unless people are playing it. On top of all that stuff, here’s a list of many practical skills you’ll
need if you want to be a game designer. #1. A high level of technical writing skill. That’s technical, not creative writing skill. I’m talking about grammar,
spelling, and punctuation here. I’m sure that this isn’t a problem
for most of you but, For some of you… Nah, like I said,
we do read the e-mails. #2. A solid grounding of logic, #3. Some basic psychology, #4. Understanding the
medium you’re working in. You’re gonna be building an electronic game, so learning the fundamentals of
how a computer works would be a good idea. #5. A solid grasp of mathematics. At least through advanced algebra. Those skills will prepare you
to be decent game designer. Now. You want to be a
really good game designer, you’ll also need… #1. A thorough knowledge of
literature, philosophy, and myth. #2. An understanding of world religions. #3. Basic scripting and programming ability. #4 An understanding of art principles. You don’t have to be a great artist, but you do need to understand art. If you happen to be able to sketch,
or throw together a collage on Photoshops, so much the better. #5. An understanding of basic
audio design and musical principals. If you have it already,
go pick up an instrument. It’s good for the soul, anyway. #6. A practical knowledge of graphic design. #7. A thorough internal library
of games to reference. This is where having played
a lot of games will help you. The more games in genres
you’ve experienced, the more you’ll have to draw from. But most of all, you’ll need life experience. As a designer, your crafting experiences. You cannot do this without having some yourself. Knowing all about video games, anime, or Star Wars expanded universe isn’t gonna cut it. Go live. A well balanced, well examined life
will make you a great designer. Last and most obvious of all, Make games. If you weren’t sure where to begin,
you can always start with pen and paper games. Things you could put together
out of chip and poster board. or, if you’re dead set on jumping
right into electronic games, We recommend Gamemaker
for the PC owners, or Gamesalad if you got a Mac. Both of these programs are free, have a lower barrier to entry, and will teach you the logic of a computer without expecting you to already
have a lot of programming knowledge. Be Brave. Be Bold. Create. Bring us new experiences, and
help to expand the language of games. Good Luck.
and See you next week.

100 thoughts on “So You Want To Be a Game Designer – Career Advice for Making Games – Extra Credits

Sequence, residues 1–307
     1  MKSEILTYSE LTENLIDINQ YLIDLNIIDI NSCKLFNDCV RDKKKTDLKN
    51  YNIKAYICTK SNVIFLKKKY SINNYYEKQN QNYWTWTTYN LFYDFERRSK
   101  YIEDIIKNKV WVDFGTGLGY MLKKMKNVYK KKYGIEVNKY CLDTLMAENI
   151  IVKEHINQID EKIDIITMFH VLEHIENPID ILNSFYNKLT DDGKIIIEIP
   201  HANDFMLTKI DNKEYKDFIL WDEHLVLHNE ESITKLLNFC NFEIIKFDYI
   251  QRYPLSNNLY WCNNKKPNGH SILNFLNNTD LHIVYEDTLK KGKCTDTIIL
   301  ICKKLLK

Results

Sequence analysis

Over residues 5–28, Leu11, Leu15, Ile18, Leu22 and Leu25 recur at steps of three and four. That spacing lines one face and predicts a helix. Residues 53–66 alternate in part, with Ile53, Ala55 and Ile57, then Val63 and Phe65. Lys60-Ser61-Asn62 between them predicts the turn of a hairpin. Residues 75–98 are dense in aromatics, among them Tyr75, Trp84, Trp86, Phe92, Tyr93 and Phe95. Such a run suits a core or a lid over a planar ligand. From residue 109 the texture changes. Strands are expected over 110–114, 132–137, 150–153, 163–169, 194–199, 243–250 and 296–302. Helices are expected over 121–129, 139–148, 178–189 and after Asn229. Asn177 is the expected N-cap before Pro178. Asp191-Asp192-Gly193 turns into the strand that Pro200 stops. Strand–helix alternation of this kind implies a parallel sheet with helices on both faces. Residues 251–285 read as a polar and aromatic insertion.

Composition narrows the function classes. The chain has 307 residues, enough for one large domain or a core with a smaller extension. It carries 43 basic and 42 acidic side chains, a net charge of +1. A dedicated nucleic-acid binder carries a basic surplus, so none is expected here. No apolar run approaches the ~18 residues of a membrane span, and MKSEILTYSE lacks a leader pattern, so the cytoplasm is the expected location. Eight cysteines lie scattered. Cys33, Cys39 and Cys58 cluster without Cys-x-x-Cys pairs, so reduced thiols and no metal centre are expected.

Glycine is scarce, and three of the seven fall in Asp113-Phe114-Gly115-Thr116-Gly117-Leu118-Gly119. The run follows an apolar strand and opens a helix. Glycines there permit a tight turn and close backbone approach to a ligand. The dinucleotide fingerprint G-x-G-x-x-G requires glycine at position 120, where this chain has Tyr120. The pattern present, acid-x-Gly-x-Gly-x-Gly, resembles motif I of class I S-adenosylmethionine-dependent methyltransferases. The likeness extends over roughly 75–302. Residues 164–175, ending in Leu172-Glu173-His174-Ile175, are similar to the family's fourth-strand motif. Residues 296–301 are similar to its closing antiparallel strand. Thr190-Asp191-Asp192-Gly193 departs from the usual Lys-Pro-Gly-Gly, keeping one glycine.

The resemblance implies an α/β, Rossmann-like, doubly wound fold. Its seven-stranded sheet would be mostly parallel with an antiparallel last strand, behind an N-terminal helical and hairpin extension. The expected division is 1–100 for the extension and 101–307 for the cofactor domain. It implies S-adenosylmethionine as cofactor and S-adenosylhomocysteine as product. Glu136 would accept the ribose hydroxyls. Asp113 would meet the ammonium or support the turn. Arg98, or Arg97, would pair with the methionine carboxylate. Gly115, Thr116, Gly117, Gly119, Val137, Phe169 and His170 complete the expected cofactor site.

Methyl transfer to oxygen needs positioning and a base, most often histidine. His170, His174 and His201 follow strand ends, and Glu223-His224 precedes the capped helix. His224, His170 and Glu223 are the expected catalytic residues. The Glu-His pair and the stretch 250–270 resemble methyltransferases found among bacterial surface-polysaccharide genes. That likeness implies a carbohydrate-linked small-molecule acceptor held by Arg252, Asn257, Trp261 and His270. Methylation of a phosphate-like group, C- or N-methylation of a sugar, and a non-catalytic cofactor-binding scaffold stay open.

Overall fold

1. I'm a softmore I've been wanting to be a game designer since 6th grade. I've been looking at colleges and universities for a long time what places would help me the most I already love exploring and going places with my family. I know how to code im a great artist I have in A in art so my teacher thinks so. I've been making future games I could make one of them I have 6 so far and they are very detailed and i have them in 6 notebooks tell me if i could be a game desiner one day

    P.S im also going to go for bethda that is the game studio i want to go to pne day

  2. I’m an artist and a programmer. Problem solving in each is the same, not opposed. The foundation is different. The issue is 80%-90% of programmers suck, but non-programmers can’t tell because they don’t know what good code is. It’s not like art where you can instinctively see the aesthetic.

  3. If you're really dedicated to being a game designer are there any required art fields needed? I'd really like to get started on my career, but it seems like having some sort of art background is a must have.

  4. THIS is impossible to do…to be. If you combine just a few of these skills, im sure you could become a decent game designer. Still thanks for the many information about it. It's so sad how many great ideas wont ever be realised!

  5. I know I'm really late to this video, but I have to say, while I wasn't so sure if I was still interested after watching the video, having the advice from the rest of the comments really helped. The Video was the facts, and the comments were the… uh… Encouragement(doesn't really make an opposite to facts like that sentence should feel…)? Welp either way, thanks Extra Credits for pushing me to a cliff, and the comments for catching me, now I know to stay away from the edge.

  6. Now not all the game designers know about maths and that kind of stuff, just the basics.
    Eiji Aonuma is actually an artist.
    Miyamoto is industrial designer.
    Cory Barlog as far as i know was a lead animator.

  7. Thanks for telling us about the skills we need to be a game designer I always wanted to be one heck that’s still my goal job this that damage my motivation to become one but I am determined to become one so now I know what skills I need to work on thank you and I hope I will be able to join the game designing team

  8. It's fucking ridiculous to tell people to learn about such specific stuff like religion, myth, math, etc. Hundreds of game designers do great games without ever knowing (or implementing) such knowledge

  9. Sir, I practice policy making and accounting and though our fields are very far from each other the things you've just said resonated with me so well because many of those reflect how I grew up in my work as well. 🙂

  10. I've just came here because WUWO Gaming told me to! Plus, I like the intro & outro music! Perfect for my radio & TV idents!

  11. I do want to make video game and I had one or two game I want to create but that harsh however I will do whatever it take to become director and make the interesting games

  12. Game Maker is amazing as long as you don’t get too ambitious with your project. It has a lot of great tools, but you’ll often have to make a new tool out of what’s given to you if you use game maker.